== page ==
The thermal and electrical properties of unsaturated soils have been less investigated, compared with geomechanical characteristics, despite the wide range of engineering implications. Moreover, the wettability of soil surface commonly accepted in unsaturated soil mechanics is often assumed to be wettable, whereas water-repellent (hydrophobic) soils can exist in natural systems. This study presents the synthesizing method of water-repellent soils and experimental procedure to evaluate the evolution of thermal and electrical properties of unsaturated wettable (hydrophilic) and water-repellent (hydrophobic) soils. Sands are chemically treated with an organic silane to make the particle surface water-repellent. The transient plane source method is used to obtain the thermal conductivity of both hydrophilic and hydrophobic specimens. The electrical conductance is measured by the two-electrode system as well. The degree of saturation varies for both experimentations to assess the surface wettability effect that is captured by thermal and electrical conduction. The different capillarity, driven by surface wettability of soils and corresponding spatial distribution of water phase in pore space, influences thermal and electrical properties for tested specimens. The synthesis of hydrophobic soils in conjunction with simple experimental techniques enables one to evaluate physical properties of unsaturated soils at the particle-scale.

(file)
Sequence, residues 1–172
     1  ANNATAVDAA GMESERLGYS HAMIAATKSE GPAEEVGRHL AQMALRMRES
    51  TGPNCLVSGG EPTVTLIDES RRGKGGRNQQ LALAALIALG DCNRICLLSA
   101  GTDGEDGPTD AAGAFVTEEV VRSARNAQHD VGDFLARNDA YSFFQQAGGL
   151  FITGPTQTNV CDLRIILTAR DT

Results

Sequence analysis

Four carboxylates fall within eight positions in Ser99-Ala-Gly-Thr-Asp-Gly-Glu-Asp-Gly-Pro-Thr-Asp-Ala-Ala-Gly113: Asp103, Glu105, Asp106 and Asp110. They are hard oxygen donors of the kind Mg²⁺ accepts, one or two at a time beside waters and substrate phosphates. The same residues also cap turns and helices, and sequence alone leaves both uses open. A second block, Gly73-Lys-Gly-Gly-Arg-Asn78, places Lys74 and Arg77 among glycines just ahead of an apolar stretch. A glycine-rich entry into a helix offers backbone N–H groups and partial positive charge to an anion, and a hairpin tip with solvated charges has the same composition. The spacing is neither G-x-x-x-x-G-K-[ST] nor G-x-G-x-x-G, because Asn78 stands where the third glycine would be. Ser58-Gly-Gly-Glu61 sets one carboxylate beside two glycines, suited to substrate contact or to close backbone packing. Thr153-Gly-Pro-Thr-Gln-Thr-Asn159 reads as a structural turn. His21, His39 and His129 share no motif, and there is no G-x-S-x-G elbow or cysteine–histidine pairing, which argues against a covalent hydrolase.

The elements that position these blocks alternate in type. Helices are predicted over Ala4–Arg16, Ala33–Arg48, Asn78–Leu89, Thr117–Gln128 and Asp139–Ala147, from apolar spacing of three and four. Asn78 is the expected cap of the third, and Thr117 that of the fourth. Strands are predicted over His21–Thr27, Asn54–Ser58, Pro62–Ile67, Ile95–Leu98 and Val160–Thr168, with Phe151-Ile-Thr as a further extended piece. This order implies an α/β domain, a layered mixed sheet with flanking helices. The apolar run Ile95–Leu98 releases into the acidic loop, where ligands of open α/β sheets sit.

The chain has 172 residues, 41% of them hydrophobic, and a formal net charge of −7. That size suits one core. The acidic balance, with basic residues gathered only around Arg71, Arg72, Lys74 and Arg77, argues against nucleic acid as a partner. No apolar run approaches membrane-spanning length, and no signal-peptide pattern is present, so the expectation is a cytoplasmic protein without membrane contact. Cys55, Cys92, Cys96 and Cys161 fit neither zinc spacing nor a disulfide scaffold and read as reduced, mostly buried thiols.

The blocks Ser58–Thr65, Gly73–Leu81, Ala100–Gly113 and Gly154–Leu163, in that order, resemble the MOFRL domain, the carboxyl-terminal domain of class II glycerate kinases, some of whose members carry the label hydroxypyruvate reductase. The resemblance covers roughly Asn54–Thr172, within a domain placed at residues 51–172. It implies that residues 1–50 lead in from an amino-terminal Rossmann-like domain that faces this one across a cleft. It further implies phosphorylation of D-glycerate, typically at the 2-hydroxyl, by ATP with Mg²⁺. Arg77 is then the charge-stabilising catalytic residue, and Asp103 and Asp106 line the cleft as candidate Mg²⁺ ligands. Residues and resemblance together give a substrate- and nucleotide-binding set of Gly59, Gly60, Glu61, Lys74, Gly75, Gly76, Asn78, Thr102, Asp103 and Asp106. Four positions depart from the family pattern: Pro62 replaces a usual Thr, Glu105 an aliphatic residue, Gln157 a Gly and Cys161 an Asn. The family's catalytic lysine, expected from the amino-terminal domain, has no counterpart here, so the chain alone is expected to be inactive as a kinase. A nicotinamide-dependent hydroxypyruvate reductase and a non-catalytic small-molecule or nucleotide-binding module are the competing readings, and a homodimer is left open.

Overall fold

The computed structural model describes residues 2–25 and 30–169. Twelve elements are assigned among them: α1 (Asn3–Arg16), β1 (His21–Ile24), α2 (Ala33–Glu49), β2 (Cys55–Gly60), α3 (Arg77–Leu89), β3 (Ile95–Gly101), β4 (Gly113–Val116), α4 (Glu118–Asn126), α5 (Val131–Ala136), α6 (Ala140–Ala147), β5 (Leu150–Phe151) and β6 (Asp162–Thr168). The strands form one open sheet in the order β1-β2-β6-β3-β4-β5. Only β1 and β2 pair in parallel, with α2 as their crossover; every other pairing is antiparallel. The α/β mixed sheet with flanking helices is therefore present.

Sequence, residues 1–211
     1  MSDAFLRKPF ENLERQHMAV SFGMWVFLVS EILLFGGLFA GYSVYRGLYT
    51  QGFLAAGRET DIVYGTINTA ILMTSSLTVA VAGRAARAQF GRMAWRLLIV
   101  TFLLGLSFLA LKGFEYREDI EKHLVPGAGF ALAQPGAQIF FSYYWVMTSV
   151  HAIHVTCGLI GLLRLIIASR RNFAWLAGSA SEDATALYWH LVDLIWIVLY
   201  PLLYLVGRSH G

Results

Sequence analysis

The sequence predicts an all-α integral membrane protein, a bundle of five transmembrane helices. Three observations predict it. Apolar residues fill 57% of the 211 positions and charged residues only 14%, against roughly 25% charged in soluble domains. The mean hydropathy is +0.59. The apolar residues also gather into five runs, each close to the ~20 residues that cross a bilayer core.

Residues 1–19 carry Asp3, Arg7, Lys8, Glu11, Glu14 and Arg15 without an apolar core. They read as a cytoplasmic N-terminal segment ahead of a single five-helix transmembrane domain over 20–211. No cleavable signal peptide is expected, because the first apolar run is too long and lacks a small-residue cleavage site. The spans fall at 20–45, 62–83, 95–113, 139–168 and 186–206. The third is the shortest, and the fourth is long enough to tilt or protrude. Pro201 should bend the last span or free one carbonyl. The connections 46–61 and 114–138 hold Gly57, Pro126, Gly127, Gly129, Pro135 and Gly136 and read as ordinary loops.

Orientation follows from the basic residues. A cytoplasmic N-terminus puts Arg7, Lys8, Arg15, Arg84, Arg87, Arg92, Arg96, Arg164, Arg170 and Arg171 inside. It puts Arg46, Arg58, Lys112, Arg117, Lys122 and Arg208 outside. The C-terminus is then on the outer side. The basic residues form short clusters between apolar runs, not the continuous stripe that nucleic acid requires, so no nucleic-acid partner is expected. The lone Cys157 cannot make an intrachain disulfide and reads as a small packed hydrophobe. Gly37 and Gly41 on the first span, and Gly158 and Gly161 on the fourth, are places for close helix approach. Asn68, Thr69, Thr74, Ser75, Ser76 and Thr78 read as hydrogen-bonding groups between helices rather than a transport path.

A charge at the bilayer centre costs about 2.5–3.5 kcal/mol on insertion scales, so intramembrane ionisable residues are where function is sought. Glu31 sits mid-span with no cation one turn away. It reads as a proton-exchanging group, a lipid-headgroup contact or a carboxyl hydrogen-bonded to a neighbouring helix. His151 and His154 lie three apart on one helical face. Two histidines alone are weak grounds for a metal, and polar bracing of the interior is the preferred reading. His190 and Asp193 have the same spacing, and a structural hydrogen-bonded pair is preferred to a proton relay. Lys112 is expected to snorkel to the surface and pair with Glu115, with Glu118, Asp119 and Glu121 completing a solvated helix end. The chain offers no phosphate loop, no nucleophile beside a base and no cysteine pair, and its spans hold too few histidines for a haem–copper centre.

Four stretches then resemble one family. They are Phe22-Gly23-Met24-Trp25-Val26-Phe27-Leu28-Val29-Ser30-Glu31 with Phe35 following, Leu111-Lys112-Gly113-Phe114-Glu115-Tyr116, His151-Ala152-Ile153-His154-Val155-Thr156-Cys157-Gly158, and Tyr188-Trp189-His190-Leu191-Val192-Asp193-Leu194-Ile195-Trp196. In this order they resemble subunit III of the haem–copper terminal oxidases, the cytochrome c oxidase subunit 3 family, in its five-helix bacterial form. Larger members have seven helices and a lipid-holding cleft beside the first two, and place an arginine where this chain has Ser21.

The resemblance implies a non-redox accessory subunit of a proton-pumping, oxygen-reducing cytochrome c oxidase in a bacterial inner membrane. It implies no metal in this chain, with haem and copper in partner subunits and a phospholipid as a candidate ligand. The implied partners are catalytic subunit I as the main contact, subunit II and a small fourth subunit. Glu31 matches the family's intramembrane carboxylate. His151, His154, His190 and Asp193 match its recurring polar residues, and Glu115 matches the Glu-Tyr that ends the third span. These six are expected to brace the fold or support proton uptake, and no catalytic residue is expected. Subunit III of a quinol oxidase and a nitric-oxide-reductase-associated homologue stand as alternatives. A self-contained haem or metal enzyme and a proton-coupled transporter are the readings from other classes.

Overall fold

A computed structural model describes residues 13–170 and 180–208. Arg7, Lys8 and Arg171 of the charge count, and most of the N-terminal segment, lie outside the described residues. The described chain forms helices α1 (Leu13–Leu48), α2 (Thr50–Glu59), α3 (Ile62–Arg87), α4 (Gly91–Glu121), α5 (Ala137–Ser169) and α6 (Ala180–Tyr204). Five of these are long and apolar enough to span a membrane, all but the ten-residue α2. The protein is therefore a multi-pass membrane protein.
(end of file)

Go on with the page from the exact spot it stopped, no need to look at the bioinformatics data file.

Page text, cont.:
All Science Journal Classification (ASJC) codes
- Geotechnical Engineering and Engineering Geology